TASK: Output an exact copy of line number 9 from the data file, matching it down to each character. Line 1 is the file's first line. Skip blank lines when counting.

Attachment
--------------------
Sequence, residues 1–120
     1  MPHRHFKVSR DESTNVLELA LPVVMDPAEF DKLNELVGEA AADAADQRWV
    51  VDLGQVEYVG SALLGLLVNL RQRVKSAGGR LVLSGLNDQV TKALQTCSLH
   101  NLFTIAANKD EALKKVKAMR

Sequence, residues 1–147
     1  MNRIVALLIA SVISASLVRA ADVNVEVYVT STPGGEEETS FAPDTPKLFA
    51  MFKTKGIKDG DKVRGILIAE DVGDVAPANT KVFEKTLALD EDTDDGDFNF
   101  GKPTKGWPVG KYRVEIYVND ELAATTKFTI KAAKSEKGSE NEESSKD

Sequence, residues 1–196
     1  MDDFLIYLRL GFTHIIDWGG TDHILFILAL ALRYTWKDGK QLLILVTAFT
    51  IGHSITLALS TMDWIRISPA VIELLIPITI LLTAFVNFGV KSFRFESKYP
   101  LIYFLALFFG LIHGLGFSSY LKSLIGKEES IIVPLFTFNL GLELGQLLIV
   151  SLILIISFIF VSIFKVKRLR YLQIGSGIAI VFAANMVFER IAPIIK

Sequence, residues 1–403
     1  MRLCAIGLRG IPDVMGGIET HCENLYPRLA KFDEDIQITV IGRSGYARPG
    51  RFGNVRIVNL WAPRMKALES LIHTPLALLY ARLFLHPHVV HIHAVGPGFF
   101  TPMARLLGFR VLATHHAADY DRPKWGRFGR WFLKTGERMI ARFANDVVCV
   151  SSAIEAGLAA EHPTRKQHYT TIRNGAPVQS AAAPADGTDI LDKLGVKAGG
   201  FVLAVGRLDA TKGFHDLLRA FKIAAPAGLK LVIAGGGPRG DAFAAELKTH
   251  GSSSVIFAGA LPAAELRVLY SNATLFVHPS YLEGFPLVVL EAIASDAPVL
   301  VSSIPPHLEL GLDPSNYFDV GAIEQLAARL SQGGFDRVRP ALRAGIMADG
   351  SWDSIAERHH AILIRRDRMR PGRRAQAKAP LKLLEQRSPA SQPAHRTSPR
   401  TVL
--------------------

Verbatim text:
Sequence, residues 1–196